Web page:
Accounting for precipitation asymmetry seems to be of crucial importance to achieve the generation of a time series with relevant properties. This is also suggested by the results of some auxiliary evaluations described below. As shown previously in Sect.

Figures S12 and S13 demonstrate that the dependency of ECDF of BDCs on

Besides, the statistics of a precipitation time series, e.g. the standard statistics and the ECDF of

As mentioned previously, the asymmetry of the cascade generator is mainly disregarded in analytical MRCs, but it is considered for a long time in empirical ones by estimation of the cascade generator for different external pattern classes. Conditioning the parameterisation of any analytical model on external pattern classes is also possible. Is our continuous asymmetry approach of interest when compared to a class-conditioned approach? To address this question, we considered two more models, namely A position and B position (Ap and Bp). These two models are based on models A and B respectively, but they are estimated by conditioning the estimation on four external pattern classes, i.e. the four position classes (starting, enclosed, ending, isolated) considered in

In order to apply a MRC model in locations where only daily data are available, the possibility to develop a robust regional model for model parameters is necessary. The smaller the number of parameters, the more robust and easier the regionalisation is expected to be. In this regard, model B

Maps of Switzerland showing spatial and seasonal variations of the estimated parameters for model B

Another important factor that can jeopardise the success of parameter regionalisation is the spatial variability of parameters. In the case of no evident relationship to some geographical features (e.g. topography), smooth spatial variations of parameters often help achieve robust regionalisation. The spatial variability of the five parameters of model B

Additionally, the maps presented in Fig.

These results suggest the importance of seasonal stratification for model parameter estimation. The interest of seasonal stratification is even more obvious when simulations are carried out with a model where parameter dependency on season was ignored. This is illustrated in Figs. S8 and S9, where the seasonal performances of all models are presented for a configuration where one single set of parameters has been estimated for all seasons together. The performance of the models without seasonal stratification degrades a lot for a number of statistics, especially in winter and summer seasons.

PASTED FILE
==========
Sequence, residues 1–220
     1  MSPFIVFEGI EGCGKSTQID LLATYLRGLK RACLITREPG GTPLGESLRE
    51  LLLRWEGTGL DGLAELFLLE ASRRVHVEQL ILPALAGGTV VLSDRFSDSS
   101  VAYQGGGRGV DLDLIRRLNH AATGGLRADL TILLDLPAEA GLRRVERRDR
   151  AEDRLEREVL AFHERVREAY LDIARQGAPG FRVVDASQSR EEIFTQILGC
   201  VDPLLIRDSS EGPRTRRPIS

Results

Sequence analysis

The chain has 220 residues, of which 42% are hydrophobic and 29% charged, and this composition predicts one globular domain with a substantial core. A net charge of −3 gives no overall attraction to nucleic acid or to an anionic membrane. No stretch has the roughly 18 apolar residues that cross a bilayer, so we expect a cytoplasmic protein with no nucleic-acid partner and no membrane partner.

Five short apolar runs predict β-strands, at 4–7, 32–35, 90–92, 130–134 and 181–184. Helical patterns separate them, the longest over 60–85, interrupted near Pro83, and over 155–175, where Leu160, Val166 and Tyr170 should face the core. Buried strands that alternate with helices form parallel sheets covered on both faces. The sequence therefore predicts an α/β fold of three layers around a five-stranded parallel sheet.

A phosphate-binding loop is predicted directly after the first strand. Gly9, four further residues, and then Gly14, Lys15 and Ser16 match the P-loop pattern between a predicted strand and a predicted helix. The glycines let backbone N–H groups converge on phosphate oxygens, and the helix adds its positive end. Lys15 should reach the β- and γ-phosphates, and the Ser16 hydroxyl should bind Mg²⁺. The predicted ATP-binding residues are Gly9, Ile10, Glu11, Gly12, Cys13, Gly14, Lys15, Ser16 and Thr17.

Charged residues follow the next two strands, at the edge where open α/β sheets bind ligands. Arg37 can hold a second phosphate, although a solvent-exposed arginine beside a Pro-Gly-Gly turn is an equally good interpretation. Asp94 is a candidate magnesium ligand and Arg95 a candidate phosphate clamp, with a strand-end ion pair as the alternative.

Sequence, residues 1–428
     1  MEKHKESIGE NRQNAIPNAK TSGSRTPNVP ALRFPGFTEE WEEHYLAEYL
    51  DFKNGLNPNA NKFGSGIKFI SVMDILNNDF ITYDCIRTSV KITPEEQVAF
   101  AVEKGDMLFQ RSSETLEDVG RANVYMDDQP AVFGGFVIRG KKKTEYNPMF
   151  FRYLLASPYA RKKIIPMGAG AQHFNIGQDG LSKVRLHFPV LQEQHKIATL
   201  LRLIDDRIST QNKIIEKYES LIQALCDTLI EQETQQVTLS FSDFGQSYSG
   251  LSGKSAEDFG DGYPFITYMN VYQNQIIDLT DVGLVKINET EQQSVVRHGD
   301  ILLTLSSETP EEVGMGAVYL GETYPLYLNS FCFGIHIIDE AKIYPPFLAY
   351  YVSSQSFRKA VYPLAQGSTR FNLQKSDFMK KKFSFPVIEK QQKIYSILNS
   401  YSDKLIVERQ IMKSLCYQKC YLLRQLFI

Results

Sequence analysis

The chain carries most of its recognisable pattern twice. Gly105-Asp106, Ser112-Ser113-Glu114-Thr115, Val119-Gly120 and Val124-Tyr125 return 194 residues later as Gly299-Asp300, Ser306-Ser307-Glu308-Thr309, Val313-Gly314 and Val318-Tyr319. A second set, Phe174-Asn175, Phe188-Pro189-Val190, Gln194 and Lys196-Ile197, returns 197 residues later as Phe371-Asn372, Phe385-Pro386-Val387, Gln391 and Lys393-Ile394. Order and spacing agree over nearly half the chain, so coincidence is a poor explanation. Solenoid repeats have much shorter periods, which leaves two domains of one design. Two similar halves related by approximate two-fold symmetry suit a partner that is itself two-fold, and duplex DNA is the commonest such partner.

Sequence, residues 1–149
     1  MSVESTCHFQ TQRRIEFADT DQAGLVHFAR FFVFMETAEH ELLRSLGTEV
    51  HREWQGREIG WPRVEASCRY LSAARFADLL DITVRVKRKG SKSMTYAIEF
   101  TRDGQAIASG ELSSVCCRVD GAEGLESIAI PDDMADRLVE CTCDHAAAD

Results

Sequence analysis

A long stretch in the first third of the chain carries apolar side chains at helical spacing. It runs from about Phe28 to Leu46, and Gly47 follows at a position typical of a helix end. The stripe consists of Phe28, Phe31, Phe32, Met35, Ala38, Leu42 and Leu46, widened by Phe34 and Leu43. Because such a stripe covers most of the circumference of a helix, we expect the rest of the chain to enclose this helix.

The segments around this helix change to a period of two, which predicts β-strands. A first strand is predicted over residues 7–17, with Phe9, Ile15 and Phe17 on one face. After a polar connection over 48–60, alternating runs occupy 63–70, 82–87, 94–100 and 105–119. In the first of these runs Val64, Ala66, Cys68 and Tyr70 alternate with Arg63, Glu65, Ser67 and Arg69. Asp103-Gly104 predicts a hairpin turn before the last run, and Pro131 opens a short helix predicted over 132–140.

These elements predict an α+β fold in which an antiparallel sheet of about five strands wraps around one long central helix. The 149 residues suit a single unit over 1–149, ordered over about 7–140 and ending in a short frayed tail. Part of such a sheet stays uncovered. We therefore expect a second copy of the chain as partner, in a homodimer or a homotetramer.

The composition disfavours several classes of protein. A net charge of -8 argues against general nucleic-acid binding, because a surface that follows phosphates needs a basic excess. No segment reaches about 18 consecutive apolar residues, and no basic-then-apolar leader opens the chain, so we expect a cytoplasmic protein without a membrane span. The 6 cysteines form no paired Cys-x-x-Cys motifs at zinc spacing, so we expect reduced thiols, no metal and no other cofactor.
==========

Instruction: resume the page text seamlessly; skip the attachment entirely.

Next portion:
An opportunity for model improvement concerns the scaling sub-model for the no-dry subdivisions probability

Following previous works,

The misrepresentation of

According to many previous works, the distribution of the breakdown coefficients (BDCs) used in MRC models depends on a number of factors, including the temporal scale, precipitation intensity and the external pattern of the local precipitation sequence.

In the present study, we compare different MRC models both with and without the scaling dependency on the temporal scales and with and without the scaling dependency on the external pattern of precipitation. Conversely to the scaling dependency on precipitation intensity and asymmetry, the scaling dependency on temporal scales is not obvious, and its added value in terms of model performance is less clear than what was suggested in previous works. Moreover, accounting for a dependency on the temporal scales drastically increases the number of parameters to be estimated (six more in the present case), which is especially expected to make the model much less robust and less appropriate for further regionalisation works.